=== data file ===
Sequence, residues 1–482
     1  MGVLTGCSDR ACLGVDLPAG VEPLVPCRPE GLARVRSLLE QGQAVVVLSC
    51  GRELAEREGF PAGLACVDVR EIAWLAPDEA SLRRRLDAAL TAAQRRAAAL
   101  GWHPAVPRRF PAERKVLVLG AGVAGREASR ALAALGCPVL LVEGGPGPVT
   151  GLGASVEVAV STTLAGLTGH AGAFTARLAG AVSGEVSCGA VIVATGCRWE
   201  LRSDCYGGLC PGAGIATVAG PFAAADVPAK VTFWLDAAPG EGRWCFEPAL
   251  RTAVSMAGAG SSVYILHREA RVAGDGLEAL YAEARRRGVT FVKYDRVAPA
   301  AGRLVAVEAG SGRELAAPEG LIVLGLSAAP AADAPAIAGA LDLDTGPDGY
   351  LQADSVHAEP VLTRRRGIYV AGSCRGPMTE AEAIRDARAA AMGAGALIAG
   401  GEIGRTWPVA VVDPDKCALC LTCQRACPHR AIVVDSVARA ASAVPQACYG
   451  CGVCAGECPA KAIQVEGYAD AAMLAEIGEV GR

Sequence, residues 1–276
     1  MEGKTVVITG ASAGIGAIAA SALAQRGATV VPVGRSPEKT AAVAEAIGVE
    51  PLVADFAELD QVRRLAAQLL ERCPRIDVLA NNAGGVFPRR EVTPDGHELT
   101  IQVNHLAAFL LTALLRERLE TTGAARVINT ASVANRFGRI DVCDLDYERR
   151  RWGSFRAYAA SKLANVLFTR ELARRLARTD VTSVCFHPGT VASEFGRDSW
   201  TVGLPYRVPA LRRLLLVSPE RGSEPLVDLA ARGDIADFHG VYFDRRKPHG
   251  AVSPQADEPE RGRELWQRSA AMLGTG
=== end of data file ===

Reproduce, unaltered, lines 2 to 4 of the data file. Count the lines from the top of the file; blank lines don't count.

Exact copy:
     1  MGVLTGCSDR ACLGVDLPAG VEPLVPCRPE GLARVRSLLE QGQAVVVLSC
    51  GRELAEREGF PAGLACVDVR EIAWLAPDEA SLRRRLDAAL TAAQRRAAAL
   101  GWHPAVPRRF PAERKVLVLG AGVAGREASR ALAALGCPVL LVEGGPGPVT